AARODAnesthesia-Assisted Rapid Opiate Detoxification
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On June 3, 2012, a man aged 30 years underwent AAROD. On extubation, he was unable to speak or follow commands.
On July 20, 2012, a man aged 46 years with a history of heroin, cocaine, and alcohol abuse underwent AAROD. Urine toxicology on that day revealed trace amounts of cocaine.
On August 19, 2012, a man aged 31 years underwent AAROD. The next day he experienced diarrhea, weakness, and blurry vision.
On August 23, 2012, a man aged 51 years underwent AAROD. Approximately 10 hours after extubation, while being monitored at the clinic, he experienced cardiac arrest with ventricular fibrillation.
On September 4, 2012, a man aged 26 years underwent AAROD. Approximately 30 minutes after naloxone infusion was initiated, he experienced cardiac arrest.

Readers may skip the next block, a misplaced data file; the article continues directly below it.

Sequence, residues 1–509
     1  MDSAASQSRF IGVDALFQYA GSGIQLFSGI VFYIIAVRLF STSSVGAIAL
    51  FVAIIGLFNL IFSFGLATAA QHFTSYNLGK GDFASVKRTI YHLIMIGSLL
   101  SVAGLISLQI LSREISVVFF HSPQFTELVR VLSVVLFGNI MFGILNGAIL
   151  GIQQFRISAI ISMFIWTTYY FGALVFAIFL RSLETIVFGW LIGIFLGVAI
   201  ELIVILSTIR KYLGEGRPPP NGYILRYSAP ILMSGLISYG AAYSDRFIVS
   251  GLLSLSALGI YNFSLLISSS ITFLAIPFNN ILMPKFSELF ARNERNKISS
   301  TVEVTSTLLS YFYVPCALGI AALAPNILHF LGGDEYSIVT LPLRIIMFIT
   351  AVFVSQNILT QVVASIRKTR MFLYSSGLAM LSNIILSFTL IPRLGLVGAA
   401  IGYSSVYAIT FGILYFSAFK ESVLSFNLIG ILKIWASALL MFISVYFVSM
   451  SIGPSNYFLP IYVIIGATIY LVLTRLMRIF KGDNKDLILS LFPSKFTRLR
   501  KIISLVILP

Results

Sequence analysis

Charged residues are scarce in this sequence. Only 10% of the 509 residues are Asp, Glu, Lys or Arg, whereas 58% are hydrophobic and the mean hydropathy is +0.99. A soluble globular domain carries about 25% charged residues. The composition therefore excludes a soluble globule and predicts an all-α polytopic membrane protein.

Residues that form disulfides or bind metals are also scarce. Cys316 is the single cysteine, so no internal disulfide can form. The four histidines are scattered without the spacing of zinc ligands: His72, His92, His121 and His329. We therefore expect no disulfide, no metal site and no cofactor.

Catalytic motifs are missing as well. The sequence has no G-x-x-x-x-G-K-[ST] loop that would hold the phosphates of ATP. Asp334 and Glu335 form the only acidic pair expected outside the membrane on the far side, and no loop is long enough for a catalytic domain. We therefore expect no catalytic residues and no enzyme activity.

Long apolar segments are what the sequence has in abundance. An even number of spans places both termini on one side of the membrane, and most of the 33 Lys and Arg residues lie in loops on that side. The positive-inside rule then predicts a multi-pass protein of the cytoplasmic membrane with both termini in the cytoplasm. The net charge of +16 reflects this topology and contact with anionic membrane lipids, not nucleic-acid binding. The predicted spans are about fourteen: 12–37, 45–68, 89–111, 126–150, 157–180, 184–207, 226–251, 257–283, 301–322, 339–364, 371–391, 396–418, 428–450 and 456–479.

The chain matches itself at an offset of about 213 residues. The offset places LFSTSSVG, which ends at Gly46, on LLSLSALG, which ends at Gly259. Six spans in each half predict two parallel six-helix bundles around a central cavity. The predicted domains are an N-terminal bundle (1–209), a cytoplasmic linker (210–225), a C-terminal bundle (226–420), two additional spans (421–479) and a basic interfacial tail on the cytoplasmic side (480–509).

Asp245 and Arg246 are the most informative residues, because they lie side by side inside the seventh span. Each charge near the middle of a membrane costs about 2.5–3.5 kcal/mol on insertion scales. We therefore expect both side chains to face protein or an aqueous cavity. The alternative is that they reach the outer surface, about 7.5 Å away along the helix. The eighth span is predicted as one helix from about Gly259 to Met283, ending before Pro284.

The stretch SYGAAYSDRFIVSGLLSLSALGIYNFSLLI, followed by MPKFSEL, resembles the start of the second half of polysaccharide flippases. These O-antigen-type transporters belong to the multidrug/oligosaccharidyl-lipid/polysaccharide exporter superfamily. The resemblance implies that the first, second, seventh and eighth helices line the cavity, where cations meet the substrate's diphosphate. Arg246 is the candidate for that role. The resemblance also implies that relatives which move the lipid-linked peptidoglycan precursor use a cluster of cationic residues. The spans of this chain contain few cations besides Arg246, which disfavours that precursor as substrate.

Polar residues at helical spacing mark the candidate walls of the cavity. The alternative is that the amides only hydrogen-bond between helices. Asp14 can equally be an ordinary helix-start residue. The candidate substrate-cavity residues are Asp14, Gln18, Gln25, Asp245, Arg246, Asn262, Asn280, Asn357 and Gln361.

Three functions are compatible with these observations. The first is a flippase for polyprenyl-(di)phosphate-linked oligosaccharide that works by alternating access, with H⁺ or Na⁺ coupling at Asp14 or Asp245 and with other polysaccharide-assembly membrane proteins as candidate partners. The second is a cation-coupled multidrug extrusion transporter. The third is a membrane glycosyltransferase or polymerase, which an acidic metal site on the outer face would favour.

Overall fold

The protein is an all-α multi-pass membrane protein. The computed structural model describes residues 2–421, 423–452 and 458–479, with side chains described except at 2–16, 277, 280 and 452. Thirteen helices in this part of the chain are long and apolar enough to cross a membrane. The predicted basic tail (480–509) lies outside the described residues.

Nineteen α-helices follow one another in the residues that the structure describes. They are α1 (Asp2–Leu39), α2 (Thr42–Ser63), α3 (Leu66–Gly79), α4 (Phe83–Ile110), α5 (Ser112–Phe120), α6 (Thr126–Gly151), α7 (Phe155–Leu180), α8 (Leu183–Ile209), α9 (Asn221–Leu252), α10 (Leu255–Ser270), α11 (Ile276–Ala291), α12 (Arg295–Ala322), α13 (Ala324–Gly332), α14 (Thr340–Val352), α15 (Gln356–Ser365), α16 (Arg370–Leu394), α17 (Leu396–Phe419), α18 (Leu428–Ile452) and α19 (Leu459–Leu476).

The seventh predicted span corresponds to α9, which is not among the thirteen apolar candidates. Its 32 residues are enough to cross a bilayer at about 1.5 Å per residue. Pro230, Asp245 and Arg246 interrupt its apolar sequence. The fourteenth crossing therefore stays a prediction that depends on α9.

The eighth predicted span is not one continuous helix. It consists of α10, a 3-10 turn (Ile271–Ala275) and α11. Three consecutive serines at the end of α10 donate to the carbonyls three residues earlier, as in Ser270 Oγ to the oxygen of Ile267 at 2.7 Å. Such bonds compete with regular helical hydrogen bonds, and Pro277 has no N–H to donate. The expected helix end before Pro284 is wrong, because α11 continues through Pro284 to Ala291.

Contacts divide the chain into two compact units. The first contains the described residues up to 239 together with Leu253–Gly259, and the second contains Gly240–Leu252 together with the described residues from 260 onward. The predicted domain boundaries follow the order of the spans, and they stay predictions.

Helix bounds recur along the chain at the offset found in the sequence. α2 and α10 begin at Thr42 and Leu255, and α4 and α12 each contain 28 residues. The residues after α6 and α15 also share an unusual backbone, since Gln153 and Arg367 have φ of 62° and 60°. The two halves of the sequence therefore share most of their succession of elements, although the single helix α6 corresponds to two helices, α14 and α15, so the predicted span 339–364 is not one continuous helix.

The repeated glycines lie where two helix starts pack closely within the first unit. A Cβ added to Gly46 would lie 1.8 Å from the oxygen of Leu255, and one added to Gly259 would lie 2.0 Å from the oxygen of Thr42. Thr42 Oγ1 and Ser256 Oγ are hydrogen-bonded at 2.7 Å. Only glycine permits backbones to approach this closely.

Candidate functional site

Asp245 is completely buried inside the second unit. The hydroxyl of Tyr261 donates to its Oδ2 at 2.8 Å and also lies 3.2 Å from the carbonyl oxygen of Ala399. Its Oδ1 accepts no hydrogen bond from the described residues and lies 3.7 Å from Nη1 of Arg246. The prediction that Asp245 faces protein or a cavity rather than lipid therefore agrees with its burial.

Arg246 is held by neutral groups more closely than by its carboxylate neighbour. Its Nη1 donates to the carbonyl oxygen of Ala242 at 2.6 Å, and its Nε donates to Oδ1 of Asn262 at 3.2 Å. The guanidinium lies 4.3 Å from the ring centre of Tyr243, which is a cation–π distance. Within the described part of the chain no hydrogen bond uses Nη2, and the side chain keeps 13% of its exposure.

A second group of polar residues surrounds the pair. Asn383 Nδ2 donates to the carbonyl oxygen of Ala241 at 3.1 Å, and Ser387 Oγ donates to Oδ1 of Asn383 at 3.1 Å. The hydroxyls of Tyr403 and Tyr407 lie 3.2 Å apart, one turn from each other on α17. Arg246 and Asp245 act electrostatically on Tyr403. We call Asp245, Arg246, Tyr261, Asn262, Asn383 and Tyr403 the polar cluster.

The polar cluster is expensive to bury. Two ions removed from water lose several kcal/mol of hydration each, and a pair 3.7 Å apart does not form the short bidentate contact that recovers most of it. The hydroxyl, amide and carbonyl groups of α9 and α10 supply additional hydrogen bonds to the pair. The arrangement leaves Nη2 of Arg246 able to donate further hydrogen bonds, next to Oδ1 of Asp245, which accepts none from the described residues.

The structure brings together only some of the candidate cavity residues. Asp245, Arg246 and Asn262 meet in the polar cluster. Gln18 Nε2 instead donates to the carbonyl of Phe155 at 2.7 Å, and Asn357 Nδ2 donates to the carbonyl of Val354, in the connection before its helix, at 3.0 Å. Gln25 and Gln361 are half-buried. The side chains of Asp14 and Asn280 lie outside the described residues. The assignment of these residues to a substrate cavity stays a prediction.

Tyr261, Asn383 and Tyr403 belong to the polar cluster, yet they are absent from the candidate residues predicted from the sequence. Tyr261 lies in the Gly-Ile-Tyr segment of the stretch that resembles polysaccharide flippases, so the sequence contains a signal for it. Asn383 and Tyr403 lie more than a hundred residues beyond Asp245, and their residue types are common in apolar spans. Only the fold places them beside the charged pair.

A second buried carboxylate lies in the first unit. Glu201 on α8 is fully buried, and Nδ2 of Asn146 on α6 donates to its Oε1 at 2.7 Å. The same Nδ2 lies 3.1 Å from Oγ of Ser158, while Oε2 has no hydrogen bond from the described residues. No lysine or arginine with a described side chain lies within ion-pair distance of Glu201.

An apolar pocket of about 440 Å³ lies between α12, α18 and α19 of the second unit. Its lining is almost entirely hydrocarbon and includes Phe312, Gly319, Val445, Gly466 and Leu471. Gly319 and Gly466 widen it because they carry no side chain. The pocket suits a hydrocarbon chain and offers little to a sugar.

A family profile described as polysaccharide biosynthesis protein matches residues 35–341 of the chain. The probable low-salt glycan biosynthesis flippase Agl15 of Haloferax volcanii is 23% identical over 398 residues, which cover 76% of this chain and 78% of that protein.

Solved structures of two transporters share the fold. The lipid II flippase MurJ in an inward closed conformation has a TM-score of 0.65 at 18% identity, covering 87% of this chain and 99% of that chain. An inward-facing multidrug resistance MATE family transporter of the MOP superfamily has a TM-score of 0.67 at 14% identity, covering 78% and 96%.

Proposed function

Anesthesia-assisted rapid opiate detoxification (AAROD) does not reduce subjective opioid withdrawal symptom scores more than traditional opioid detoxification modalities, but has been associated with a high risk for severe adverse events, including death.
Of 75 patients who underwent AAROD at a New York City clinic during January-September 2012, two died and five others experienced serious adverse events requiring hospitalization.
AAROD was developed during the 1980s with the goal of reducing the discomfort of withdrawal and thereby encouraging patients to enter substance abuse treatment.